Zionism at Risk

I am a Zionist. Like most Jews living in the United States and elsewhere in the world, I believe in the indispensability of a Jewish state as an ultimate haven and as representative of the Jewish people, whose long history of pogroms, mistreatment as second class citizens, mass expulsions and the extreme horror of the Holocaust demonstrates a need for a state of their own. Even before the recognition of Israel as the Jewish state, as a teenager I rode the New York subways soliciting contributions for the Jewish National Fund to purchase land in the Yishuv. After the establishment of Israel, I supported the state and its institutions in many ways, including political activities, contributions and investment. Like other Jews, I took great pride in the enormous accomplishments of the Israeli people in building a successful modern state on what had been farmland and living up to its promise by accepting close to one million Soviet Jews and integrating them into its society.

However, that promise now faces a serious threat. This comes not in the form of foreign militaries, Palestinian terror or economic instability, but in the very persons who purport to support it. The alliance of aggressive nationalists and religious expansionists is endangering the dream of Zionism as conceived of by Theodore Herzl and shared by millions of Jews. Through their overzealous efforts toward expansion, in which they seek to extend Israel's jurisdiction over the biblical "whole land of Israel" -- the Territories gained in the 1967 Six-Day War -- they are endangering the Zionist foundations of that land.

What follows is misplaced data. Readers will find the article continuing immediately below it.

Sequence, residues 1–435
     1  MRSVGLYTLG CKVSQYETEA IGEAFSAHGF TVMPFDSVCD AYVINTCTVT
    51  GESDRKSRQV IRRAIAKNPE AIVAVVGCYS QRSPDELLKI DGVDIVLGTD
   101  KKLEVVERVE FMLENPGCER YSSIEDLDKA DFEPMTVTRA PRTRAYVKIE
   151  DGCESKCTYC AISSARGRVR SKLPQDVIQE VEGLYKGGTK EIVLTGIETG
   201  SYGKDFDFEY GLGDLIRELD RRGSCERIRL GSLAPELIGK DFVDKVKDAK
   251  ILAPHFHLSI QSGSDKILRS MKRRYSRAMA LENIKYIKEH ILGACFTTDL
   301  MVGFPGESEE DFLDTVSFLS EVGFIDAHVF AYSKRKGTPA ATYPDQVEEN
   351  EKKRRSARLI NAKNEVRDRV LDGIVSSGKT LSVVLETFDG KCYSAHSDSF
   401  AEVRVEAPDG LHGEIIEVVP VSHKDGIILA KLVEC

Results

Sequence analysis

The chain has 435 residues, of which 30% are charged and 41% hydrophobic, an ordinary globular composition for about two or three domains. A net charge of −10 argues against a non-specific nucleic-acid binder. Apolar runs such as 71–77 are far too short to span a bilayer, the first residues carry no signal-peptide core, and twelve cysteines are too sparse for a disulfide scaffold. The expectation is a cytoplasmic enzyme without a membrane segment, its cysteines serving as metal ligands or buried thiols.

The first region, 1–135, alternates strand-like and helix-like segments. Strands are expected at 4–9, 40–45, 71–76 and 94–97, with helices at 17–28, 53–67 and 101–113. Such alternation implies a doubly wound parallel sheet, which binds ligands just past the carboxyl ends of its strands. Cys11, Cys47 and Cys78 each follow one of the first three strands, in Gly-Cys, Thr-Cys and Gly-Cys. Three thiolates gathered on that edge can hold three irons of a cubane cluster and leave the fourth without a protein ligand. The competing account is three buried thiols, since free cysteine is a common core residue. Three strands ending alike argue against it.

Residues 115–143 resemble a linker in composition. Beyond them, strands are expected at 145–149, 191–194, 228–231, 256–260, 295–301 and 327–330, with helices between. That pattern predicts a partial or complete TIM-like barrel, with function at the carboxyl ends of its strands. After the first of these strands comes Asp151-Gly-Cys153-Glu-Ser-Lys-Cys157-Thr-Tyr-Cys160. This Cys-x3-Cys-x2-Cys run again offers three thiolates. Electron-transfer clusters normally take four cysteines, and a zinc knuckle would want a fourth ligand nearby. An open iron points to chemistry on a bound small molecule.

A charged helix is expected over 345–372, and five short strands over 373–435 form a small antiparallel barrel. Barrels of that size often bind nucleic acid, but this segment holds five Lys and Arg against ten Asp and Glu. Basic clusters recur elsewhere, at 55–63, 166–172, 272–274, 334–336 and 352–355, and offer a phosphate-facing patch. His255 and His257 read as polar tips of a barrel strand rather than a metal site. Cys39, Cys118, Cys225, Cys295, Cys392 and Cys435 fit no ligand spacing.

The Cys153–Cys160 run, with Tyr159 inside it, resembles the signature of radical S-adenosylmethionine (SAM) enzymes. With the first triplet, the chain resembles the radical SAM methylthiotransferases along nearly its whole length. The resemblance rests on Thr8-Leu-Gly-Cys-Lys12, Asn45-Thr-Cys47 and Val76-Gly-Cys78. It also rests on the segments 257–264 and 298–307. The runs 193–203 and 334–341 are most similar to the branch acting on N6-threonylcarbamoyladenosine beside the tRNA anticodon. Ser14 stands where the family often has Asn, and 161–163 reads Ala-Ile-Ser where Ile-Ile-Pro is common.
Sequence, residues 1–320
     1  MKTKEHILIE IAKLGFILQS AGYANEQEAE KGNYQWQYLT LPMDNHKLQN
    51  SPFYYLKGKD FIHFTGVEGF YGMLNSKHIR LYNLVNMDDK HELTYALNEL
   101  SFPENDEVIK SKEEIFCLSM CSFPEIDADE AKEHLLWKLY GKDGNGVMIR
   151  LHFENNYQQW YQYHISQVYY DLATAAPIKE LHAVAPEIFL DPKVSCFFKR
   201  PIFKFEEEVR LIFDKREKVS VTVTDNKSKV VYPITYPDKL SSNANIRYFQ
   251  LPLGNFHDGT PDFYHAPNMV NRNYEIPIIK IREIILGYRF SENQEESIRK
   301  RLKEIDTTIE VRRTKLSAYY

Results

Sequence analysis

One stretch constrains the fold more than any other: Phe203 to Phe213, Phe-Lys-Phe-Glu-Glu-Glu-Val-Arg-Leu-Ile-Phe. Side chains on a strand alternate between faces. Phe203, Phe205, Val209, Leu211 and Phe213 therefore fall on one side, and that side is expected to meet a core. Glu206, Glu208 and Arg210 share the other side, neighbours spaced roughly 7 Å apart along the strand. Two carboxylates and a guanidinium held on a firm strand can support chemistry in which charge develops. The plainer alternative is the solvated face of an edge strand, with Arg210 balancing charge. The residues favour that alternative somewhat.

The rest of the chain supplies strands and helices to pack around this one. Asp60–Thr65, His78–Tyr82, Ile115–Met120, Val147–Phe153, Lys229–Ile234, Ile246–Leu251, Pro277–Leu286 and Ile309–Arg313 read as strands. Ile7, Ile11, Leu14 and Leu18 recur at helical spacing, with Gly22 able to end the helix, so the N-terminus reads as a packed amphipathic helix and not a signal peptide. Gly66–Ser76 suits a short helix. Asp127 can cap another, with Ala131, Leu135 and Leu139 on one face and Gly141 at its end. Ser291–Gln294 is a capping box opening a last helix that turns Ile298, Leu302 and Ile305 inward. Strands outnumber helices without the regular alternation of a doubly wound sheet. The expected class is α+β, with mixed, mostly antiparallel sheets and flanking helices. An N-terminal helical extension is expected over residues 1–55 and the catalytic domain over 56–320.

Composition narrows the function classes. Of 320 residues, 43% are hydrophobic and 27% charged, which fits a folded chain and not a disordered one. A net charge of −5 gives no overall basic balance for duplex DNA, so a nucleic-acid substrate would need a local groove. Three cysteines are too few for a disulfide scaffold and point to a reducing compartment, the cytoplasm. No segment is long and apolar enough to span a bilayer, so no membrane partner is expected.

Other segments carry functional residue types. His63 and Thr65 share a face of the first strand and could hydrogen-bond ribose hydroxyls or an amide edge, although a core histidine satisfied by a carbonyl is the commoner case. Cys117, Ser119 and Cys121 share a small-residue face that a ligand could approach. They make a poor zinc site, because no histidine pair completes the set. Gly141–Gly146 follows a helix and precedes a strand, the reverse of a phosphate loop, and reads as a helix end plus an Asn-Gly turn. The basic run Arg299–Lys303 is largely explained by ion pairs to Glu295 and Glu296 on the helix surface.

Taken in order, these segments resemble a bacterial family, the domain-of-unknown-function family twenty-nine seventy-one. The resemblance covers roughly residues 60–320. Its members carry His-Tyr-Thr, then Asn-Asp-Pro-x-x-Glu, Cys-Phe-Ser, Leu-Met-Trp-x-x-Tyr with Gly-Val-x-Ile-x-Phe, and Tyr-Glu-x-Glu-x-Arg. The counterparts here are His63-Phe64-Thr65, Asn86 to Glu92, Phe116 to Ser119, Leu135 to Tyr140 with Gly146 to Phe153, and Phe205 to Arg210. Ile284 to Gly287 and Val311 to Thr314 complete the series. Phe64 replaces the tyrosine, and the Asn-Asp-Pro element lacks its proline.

For many years, I have been concerned that Israel not put at risk its Zionist purpose in an effort to expand its reach into the Territories. During my tenure as President of the American Jewish Congress, starting in 1988, we argued that in view of the demographics of Palestinian and Israeli population growth, among other factors, Israel would not be able to continue as both a Jewish and a democratic state if it attempted to annex the Territories as part of the state of Israel. AJCongress members and I were reflecting our inchoate feeling that the Zionist enterprise to which we were committed was threatened by the ambitions of Israel's government, led by then-Prime-Minister Yitzhak Shamir, to extend Israel's outreach to parts of the West Bank and Gaza. The settlement program has been an instrument of that policy. Since that time, Israel's Prime Ministers, including even Sharon and Olmert on the right, have understood the threat to a Jewish state that the desire to incorporate the Territories represented. They also recognized that the settlements, originally conceived of as defensive enclaves against Israel's potential enemies, in some cases could represent a burden on the military's ability to defend Israeli citizens.